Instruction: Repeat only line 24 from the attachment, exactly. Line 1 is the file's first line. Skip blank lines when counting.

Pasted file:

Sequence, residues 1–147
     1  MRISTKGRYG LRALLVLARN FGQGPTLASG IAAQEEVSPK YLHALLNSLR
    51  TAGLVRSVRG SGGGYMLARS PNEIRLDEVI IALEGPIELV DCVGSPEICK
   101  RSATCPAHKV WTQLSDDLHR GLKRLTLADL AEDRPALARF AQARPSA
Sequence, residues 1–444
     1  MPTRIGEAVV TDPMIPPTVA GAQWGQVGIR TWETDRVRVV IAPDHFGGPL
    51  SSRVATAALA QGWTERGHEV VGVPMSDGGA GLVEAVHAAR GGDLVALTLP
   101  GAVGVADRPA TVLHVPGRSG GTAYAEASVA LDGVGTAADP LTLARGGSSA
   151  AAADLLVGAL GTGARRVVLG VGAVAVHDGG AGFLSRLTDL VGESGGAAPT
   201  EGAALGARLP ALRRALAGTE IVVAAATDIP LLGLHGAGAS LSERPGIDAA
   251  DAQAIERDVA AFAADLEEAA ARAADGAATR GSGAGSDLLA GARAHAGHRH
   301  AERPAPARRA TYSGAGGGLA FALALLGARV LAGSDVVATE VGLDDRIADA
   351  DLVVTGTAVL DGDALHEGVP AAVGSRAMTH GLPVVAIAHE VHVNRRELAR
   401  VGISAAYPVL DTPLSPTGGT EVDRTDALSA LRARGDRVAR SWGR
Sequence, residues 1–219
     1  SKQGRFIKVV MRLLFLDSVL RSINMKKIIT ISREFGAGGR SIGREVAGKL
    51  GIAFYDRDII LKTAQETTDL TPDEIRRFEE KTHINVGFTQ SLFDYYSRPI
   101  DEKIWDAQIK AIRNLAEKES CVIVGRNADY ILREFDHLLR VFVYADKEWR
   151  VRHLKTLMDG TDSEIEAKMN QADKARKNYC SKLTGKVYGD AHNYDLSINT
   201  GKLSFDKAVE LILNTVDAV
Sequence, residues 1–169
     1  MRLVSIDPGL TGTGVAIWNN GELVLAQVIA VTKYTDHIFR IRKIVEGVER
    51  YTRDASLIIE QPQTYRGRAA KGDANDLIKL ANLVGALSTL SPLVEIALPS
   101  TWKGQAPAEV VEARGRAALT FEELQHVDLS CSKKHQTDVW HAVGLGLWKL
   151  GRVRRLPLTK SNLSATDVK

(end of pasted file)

   101  TWKGQAPAEV VEARGRAALT FEELQHVDLS CSKKHQTDVW HAVGLGLWKL